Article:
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Scientists Create a Cat for Allergy to Cats, but You Will Never Have It



Humans have been unjustly prevented from associating with an allergy this week, following news of a resurgence in a potential vaccine that makes cats less likely to cause allergies. But as this research promises, a finished product will not be available anytime soon.

The vaccine in question was developed by the Swiss-based Hypocat and is the company's flagship experiment and name drug. This April, Hypocat published the results from a vaccine study. And this is the news that the internet has, with reasons gone into void, started buzzing again. ] The vaccine does not attempt to disrupt the immune system of people who are allergic to cats, as do other immunotherapies such as allergic shots. Instead, it tries to train the immune system of cats to go after a specific protein, or allergy, that they can naturally produce called Fel d 1

. This trick should be accomplished by hitting a Genetically modified version of a protein like a particle virus derived from a plant virus (being just a particle, it should not be capable of causing disease).

About 90 percent of people with cat allergy produce antibodies to Fel d 1. Thus, if successful, the vaccine usually cat hypoallergenic cats by greatly reducing the amount of Fel d 1 they do and eventually flow into our noses and mouths. Cat owners will happily tell you that their felines are capable of responding to themselves …

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In the study, that's what the felines seem to be doing vaccine. Throughout the various experiments, more than 50 young cats were dosed with the vaccine, which was managed through a shot on their hind legs. In the latest experiment, cats were given three doses for nine weeks; some cats also get a booster shot six months later.

All cats, they reported, developed a prolonged immune response to the allergy, and booster shot helped maintain antibody levels. Antibiotics taken from the cats' blood also seemed to neutralize Fel d 1 in the lab, while the cats themselves produced less Fel d 1 in their saliva and tears. And when these cat samples are mixed with blood extracted from real human patients with cat allergy, they cause less of an allergic reaction.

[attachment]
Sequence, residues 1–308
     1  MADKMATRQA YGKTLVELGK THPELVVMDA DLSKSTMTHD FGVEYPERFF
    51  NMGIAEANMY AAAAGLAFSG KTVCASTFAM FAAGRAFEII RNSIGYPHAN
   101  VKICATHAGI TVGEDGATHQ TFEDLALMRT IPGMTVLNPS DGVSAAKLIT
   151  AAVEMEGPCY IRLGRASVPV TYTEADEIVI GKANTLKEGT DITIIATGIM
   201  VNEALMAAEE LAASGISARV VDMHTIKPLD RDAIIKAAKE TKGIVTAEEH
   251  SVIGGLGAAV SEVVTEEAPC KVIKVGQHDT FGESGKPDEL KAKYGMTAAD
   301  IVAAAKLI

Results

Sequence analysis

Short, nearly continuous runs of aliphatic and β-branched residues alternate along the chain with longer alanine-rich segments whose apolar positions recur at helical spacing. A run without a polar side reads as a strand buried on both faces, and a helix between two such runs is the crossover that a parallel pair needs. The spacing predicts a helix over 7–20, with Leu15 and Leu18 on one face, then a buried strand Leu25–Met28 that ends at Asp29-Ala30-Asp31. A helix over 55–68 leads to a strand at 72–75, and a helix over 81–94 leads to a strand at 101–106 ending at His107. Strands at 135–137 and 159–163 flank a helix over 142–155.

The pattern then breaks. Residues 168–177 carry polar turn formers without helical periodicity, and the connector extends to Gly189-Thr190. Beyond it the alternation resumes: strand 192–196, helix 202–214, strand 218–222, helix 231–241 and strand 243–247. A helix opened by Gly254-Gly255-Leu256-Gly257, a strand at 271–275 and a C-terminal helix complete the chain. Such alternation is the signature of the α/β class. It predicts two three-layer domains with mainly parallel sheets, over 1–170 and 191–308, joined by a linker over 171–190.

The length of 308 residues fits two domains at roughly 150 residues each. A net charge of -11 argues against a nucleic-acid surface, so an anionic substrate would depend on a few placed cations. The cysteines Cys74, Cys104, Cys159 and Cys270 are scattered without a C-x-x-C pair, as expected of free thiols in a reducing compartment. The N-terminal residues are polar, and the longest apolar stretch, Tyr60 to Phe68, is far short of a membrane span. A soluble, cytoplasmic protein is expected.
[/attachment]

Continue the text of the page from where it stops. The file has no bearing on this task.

Most important for animal lovers, the vaccine does not appear to cause serious or long-term side effects in cats. One possible reason for this is that Fel d 1 has no important function in cats, as we know it. Some cats are naturally very low on Fel d 1, without obvious health problems. The vaccine also does not remove the protein.

This is exciting news, but it's also early, "pre-clinical" data. The company said it was in discussions with both drug approval agencies in the United States and that it began to provide the basis for mass production and clinical trials involving people. But even though these trials have begun today and the vaccine has been passed on to them with flying colors, you will still have to wait years before they hit the market. A similar vaccine for the company's development dogs, called Hypodog, is further back in the pipeline. . Just know that you need to be patient for a long time.


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